Scrotal dermatitis type 2: Severe eczema and dry skin symptoms
Type 2 of scrotal dermatitis is when the skin is crusty, flaky and leathery in nature. It may also be either bright red or pale and greyish in color. It is usually accompanied by a stinging burning sensation or an intense itch. In some cases, it also spreads to the inner thighs and/or underneath the penis.
Scrotal dermatitis type 3: Chronic, wet and septic symptoms
If the skin, scrotum and the inner thighs are moist and oozy with fluids and pus, it is considered to be type 3 of scrotal dermatitis. This type is more chronic and severe and may include painful sores. In some cases, the pus and fluids cause an unpleasant odor.
Scrotal dermatitis type 4: Swollen testicle and ulcerative dermatitis
The most severe case of scrotal dermatitis is the type 4 of scrotal dermatitis. In this type, the skin on the scrotum may be heavily swollen (scrotal edema) due to fluid retention and injury, and open wounds ooze out pus, or blood and could lead to ulcer on glans.
In rare extreme cases, this could also lead to the development of gangrene, due to serious infection.
For mild to moderate cases, consult a physician or a dermatologist. For serious cases, immediate medical attention at a hospital is mandatory. At mfine, we have a wide variety of specialized doctors who can help you understand and deal with this condition.
The actual cause for scrotal dermatitis is still unknown. Researchers have suggested that scrotal dermatitis causes varies for different types of dermatitis. Some scrotal eczema can occur as a result of eczema on testicles or in other parts of the body. Furthermore, it is observed that the skin on the scrotum is more sensitive and tender compared to the other parts of the body. This causes scrotal skin irritation from soaps, detergents and other toxic substances.
Here are some of the common itchy scrotum causes of scrotal dermatitis:
- Genetics or history of eczema in your family
Eczema or dermatitis also tend to be a hereditary concern so chances of you getting eczema or scrotal dermatitis is high if someone in your family has the condition too.
- History of allergic reactions
Eczema or scrotal dermatitis is more likely to affect you if you have a history of allergies.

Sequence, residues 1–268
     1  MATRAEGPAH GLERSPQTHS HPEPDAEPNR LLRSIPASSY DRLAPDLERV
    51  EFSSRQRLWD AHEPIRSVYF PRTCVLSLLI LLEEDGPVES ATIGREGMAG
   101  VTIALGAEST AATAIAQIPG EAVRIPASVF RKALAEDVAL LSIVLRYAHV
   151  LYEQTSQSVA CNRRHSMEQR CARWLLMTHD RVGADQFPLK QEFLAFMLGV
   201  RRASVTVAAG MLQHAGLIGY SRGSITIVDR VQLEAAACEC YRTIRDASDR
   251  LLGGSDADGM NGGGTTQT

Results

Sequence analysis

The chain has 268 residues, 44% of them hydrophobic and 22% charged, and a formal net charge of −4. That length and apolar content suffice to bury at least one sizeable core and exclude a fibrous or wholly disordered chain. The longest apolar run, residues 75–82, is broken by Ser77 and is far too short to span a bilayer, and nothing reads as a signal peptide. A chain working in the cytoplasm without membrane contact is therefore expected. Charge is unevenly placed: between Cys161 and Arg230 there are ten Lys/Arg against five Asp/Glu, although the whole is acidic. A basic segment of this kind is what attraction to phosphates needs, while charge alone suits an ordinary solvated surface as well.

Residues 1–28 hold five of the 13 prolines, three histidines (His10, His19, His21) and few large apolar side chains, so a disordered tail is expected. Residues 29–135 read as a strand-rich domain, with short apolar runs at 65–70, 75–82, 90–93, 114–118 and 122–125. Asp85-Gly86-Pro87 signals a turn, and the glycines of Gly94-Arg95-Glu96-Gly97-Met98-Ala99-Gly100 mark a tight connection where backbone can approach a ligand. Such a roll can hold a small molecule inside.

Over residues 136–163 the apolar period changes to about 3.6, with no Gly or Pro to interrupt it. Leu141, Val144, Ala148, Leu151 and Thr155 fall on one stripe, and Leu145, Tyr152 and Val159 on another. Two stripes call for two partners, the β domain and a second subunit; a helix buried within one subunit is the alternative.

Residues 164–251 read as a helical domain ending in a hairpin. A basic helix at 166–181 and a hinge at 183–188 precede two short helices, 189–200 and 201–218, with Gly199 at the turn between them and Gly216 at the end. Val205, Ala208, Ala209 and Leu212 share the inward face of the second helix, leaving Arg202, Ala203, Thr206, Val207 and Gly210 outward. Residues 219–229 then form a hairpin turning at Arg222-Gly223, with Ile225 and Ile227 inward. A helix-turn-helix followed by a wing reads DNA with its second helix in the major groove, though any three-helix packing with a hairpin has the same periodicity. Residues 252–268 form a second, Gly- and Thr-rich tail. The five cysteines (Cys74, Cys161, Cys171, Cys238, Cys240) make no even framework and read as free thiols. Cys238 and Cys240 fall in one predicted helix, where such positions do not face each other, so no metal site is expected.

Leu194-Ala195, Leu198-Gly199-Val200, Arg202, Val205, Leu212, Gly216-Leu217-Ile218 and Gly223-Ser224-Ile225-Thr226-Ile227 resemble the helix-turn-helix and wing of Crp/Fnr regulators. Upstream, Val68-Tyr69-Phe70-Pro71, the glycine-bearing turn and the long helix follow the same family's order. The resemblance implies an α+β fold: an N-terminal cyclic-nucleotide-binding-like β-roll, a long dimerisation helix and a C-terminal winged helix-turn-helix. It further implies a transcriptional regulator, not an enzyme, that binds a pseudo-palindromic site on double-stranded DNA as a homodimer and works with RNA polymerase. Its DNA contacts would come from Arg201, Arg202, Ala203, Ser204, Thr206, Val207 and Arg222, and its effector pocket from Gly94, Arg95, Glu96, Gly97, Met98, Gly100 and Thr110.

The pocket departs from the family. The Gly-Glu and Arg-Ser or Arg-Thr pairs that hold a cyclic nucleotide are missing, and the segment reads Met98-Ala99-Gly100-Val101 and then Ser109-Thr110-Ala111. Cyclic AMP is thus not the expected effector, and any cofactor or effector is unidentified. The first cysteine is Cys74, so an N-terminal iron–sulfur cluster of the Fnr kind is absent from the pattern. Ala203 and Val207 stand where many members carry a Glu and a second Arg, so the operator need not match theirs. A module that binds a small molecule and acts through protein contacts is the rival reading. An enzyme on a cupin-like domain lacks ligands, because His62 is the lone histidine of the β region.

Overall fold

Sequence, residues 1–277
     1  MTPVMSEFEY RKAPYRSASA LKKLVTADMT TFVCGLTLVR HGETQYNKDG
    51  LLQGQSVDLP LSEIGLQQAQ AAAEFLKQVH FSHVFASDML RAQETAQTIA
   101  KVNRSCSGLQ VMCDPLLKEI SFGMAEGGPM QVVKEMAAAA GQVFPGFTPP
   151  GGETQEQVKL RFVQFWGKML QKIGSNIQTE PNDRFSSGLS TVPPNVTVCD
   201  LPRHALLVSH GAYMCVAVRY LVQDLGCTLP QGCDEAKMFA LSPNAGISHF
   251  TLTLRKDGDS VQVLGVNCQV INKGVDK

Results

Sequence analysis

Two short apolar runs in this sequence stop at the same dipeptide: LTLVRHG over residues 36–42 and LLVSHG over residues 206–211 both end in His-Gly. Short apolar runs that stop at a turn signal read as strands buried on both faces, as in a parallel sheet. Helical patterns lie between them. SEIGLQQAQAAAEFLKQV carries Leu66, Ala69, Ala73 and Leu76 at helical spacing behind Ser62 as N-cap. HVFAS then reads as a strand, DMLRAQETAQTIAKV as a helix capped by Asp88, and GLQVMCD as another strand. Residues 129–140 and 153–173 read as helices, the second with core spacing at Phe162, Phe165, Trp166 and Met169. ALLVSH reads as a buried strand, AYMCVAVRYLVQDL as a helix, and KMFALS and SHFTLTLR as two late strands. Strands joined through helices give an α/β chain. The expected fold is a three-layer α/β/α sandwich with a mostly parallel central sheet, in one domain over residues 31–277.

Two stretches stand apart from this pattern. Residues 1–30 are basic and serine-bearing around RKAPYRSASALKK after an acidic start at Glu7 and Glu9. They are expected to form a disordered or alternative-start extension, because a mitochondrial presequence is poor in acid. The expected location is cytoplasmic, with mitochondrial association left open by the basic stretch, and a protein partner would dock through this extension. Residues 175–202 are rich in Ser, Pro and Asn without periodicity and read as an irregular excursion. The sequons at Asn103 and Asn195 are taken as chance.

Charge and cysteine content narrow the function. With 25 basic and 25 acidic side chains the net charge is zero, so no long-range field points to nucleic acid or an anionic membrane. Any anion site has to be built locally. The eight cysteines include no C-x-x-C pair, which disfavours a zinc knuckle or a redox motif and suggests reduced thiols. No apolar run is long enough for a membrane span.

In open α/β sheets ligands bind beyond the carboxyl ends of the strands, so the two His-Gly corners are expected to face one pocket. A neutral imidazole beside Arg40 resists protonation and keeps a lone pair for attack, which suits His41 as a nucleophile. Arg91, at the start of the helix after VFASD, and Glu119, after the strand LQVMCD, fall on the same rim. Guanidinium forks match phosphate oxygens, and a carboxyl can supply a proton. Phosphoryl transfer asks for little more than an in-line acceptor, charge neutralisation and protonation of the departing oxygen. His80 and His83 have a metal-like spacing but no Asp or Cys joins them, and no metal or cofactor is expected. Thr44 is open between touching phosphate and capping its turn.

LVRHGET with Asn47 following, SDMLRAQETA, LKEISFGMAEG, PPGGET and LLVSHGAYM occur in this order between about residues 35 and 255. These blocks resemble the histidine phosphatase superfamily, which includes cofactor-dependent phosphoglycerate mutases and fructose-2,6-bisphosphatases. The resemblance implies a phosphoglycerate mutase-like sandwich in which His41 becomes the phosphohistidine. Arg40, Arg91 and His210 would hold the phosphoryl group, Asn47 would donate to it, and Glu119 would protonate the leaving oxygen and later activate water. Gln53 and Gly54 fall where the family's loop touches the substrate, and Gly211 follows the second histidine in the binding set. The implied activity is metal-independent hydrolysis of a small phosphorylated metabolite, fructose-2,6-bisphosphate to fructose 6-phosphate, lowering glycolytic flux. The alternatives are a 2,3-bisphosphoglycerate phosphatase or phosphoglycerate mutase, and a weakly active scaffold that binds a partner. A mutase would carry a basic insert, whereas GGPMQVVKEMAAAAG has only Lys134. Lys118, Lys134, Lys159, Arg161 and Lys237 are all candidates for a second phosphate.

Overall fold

- Susceptible/ Sensitive skin type
While it is not a significant cause for concern, if you have sensitive skin, you can keep your symptoms under control by incorporating a few changes into your routine. Consult a dermatologist for expert advice on skin care for sensitive skin.
- Asthma or hay fever
Sometimes, medical conditions also contribute to the development of eczema in children and adults. Allergic diseases like asthma and hayfever put offsprings at a higher risk of developing eczema which can lead to scrotal dermatitis eventually.
- Skin irritants caused by soaps, detergents or condoms
The substance used in soaps and detergents may linger in clothes and may cause scrotal skin irritation when the skin comes in contact with them. This could lead to dermatitis in the scrotum. For condoms, some types of rubber used in the condom may cause irritation or allergy of the skin on the scrotum.
- Humidity, heat and moisture
Heavy clothing in humid climates tend to retain a lot of moisture and heat which contributes to scrotal skin irritation and scrotal dermatitis.
Psychological stress causes damage to many parts of the body and the skin is not an exception. Stress can result in itchy skin which can lead to skin damage and scrotal dermatitis.
- Other factors
Factors like allergies from medication, vitamin deficiency or side effects of other medical conditions may be some of the itchy scrotum causes.
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With intense itching, scrotal edema and reddened skin, a scrotal dermatitis is easy to identify. A doctor will examine your rash to determine the type of scrotal dermatitis. They will also review your medical history to determine if the eczema is passed on from your family.